MexECON Blog

Public Investment and Imports Weigh on GDP

Data today confirms that Mexico's first-quarter gross domestic product (GDP) was up 0.3% from the fourth quarter of 2013, after adjusting for normal seasonal variations and stripping out price changes.  That was modestly better than the revised 0.1% gain in the fourth quarter, but it was much weaker than the 1.0% increase in the quarter before that.  According to the report, Mexican exports of goods and services jumped 1.9% in the first quarter, erasing their 1.6% retreat in the fourth quarter.  However, the rise in exports was essentially offset by a 4.5% surge in imports.  The rise in imports followed a 0.8% increase in the previous quarter, and it marked the biggest import jump since the beginning of 2010.  Similarly, the report showed that gross private fixed investment jumped 1.0% in the first quarter, accelerating from its 0.3% gain in the fourth quarter and marking its best increase since the third quarter of 2012, but that rise was offset by a 6.5% slump in public investment.  The fall in public investment was the third in the last four quarters, and it was the biggest since the third quarter of 2009.  Because of these offsetting developments, the modest acceleration in Mexican economic growth during the first quarter came almost entirely from small increases in private consumption and inventory investment.

Without seasonal adjustments, first-quarter GDP was up 1.8% from the same period one year earlier, marking a significant acceleration from the rise of just 0.7% in the fourth quarter.  However, the year-over-year increase was still weaker than Mexico's average annual GDP growth of 2.5% in the two decades from 1993 to 2013.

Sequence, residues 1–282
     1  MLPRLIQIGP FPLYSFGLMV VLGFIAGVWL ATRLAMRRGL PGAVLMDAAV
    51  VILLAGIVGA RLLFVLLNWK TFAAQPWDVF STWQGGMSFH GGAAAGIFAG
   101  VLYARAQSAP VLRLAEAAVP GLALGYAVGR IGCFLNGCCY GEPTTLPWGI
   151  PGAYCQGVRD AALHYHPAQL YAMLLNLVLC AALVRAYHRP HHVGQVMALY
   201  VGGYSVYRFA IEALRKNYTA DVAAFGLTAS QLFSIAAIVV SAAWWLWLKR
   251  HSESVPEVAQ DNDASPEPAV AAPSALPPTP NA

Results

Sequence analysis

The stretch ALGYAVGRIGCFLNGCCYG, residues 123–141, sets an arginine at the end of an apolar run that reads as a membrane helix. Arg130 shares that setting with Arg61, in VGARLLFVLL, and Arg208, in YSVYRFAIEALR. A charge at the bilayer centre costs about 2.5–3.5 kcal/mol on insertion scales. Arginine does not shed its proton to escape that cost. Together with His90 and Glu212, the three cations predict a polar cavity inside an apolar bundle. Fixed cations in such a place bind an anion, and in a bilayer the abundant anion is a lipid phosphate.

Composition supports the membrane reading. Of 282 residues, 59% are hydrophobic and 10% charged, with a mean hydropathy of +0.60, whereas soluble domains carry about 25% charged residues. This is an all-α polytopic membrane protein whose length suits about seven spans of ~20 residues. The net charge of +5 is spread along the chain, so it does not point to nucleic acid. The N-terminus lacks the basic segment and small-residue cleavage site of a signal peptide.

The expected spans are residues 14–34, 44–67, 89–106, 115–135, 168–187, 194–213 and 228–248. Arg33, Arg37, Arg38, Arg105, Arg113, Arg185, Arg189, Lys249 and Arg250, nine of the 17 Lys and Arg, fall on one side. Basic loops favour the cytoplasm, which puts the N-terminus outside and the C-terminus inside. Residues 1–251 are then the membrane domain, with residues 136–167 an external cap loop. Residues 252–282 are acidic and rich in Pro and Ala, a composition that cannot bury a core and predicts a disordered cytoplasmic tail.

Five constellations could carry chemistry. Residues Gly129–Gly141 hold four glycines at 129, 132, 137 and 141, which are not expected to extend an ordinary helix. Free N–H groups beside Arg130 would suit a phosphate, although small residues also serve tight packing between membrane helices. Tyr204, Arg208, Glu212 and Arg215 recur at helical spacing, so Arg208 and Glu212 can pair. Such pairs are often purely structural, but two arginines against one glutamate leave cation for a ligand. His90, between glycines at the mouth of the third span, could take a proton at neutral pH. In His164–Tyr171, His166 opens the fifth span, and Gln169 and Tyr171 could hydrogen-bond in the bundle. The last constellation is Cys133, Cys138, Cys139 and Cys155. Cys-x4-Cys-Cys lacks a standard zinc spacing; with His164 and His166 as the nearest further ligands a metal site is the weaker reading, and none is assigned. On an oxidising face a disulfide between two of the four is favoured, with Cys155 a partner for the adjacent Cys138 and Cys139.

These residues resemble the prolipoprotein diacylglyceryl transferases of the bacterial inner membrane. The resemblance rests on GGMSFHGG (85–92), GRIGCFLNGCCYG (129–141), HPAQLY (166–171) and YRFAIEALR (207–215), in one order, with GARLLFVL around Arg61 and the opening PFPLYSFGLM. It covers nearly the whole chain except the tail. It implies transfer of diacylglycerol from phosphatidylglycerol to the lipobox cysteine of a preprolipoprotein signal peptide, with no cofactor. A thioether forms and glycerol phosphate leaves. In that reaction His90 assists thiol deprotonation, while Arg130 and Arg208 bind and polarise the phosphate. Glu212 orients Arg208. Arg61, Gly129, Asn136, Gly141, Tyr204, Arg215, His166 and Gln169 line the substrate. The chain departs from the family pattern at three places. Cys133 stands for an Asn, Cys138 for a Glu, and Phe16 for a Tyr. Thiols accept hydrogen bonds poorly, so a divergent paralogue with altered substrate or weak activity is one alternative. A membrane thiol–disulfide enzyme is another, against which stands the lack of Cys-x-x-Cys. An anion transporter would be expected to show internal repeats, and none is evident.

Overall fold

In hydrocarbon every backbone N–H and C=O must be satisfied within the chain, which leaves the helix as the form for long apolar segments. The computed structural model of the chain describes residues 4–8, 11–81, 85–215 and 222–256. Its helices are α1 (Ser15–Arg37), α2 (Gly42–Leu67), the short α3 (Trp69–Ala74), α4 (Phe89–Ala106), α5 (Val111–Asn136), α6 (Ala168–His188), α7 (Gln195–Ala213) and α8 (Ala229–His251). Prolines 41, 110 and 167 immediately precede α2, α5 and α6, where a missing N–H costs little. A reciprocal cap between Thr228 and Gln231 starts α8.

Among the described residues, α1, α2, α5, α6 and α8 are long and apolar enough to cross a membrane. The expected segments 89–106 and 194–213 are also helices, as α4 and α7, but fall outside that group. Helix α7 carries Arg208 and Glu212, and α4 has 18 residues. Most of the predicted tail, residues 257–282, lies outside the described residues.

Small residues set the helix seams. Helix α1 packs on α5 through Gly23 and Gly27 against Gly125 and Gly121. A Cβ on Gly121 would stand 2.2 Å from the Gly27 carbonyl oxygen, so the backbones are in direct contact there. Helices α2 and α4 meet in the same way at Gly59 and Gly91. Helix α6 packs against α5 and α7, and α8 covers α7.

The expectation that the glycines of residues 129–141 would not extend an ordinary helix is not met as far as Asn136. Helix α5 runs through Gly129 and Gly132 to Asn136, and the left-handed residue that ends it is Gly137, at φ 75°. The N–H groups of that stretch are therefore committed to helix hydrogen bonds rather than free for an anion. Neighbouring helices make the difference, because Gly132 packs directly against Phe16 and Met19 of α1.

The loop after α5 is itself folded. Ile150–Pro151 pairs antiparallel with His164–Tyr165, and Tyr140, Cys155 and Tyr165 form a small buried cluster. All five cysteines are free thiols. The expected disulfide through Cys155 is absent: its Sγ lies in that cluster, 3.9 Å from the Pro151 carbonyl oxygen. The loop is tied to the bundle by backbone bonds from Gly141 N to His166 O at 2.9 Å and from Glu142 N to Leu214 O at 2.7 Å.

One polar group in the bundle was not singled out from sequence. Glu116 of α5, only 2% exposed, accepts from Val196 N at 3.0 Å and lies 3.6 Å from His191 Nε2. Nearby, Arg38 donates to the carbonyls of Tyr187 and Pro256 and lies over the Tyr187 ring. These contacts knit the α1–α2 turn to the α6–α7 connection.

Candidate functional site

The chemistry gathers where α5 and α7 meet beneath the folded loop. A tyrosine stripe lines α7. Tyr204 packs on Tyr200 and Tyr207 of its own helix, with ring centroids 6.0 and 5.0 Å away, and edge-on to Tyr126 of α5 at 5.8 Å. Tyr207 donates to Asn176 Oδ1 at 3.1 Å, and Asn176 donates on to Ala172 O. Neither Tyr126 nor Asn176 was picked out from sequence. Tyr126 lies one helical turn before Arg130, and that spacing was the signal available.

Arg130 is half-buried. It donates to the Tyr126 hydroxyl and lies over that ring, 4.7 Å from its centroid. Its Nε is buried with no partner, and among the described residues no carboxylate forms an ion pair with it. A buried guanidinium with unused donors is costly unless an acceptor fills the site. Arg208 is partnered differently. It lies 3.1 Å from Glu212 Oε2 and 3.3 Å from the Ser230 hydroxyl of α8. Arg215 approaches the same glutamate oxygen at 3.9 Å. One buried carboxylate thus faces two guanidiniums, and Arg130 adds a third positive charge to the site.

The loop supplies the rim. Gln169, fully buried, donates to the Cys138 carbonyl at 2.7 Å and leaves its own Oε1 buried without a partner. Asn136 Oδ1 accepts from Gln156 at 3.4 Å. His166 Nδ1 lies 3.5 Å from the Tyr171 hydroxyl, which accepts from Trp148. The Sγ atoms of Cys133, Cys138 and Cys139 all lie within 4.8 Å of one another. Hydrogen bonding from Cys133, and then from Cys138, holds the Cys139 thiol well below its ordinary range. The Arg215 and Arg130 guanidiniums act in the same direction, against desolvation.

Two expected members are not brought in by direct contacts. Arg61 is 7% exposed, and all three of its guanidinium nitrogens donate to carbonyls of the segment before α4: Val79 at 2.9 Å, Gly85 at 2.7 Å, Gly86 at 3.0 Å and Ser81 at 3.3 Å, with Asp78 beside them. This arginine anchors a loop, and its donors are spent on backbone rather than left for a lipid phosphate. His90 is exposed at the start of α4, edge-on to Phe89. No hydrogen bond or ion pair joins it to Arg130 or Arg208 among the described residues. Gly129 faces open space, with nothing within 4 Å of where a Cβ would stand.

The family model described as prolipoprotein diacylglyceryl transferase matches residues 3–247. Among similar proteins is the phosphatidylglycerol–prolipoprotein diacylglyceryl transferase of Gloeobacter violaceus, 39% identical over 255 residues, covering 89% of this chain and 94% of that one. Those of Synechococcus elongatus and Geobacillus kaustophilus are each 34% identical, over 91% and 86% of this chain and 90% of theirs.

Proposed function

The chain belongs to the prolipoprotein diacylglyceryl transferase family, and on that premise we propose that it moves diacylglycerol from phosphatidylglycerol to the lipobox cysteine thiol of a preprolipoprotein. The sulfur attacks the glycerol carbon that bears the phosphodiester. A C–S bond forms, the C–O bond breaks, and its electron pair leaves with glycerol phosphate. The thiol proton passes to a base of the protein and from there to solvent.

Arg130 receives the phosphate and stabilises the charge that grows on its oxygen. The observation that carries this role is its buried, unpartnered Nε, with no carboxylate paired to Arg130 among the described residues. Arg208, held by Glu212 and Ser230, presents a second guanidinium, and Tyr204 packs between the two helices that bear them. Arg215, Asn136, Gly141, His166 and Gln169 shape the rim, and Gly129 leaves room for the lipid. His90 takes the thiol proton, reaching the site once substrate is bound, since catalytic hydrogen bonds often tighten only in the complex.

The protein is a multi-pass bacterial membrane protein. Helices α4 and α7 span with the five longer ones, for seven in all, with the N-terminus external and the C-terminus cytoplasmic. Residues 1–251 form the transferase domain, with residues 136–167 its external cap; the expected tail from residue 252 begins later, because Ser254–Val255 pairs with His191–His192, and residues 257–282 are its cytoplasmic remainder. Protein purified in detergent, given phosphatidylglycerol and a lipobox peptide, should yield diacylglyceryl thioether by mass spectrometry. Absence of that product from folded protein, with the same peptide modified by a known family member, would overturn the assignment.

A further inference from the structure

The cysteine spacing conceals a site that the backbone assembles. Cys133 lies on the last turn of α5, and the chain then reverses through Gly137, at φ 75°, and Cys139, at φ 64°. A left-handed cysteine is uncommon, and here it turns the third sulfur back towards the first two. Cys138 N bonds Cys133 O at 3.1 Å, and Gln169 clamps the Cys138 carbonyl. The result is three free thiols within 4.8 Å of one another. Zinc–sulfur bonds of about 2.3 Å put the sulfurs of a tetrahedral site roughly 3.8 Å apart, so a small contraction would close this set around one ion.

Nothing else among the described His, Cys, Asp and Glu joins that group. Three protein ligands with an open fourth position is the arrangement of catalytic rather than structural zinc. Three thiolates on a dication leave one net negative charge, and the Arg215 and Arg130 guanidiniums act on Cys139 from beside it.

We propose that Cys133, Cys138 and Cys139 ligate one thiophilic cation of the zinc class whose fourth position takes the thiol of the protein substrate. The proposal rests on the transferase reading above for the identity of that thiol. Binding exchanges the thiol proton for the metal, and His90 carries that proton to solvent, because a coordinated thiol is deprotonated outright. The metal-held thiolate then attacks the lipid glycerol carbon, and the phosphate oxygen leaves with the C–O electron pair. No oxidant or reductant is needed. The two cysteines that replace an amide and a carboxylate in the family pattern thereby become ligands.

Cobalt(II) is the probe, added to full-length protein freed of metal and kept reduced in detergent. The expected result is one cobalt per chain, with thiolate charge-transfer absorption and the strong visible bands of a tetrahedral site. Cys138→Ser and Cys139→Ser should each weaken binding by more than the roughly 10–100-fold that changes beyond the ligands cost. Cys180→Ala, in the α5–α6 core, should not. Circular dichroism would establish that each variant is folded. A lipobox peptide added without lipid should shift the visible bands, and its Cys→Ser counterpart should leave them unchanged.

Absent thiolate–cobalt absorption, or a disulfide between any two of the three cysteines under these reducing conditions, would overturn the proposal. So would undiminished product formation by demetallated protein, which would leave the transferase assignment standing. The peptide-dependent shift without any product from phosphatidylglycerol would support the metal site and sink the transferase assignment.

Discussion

The report was released today by INEGI, the official statistics agency.

Comment:  Today's report confirms my view that Mexican economic growth is likely to remain lackluster for a while yet.  While there have been some modest improvements in a few sectors, such as exports and private business investment, those improvements have not been dramatic, and they are being largely counterbalanced by continued problems in other areas.  A recent change in government housing policy continues to weigh on residential construction, while tight fiscal policy is restraining government spending on public works projects.  Relatively slow hiring and new sales taxes at the beginning of 2014 have also been a headwind for consumer spending.  I continue to believe that the government's economic reform program holds out some promise that Mexico's growth rate could accelerate in a meaningful way in the coming years.  In the near term, however, growth is likely to remain uninspiring.

Patrick Fearon, CFA
Vice President, Fund Management

GDP 2014 Q1 Revised

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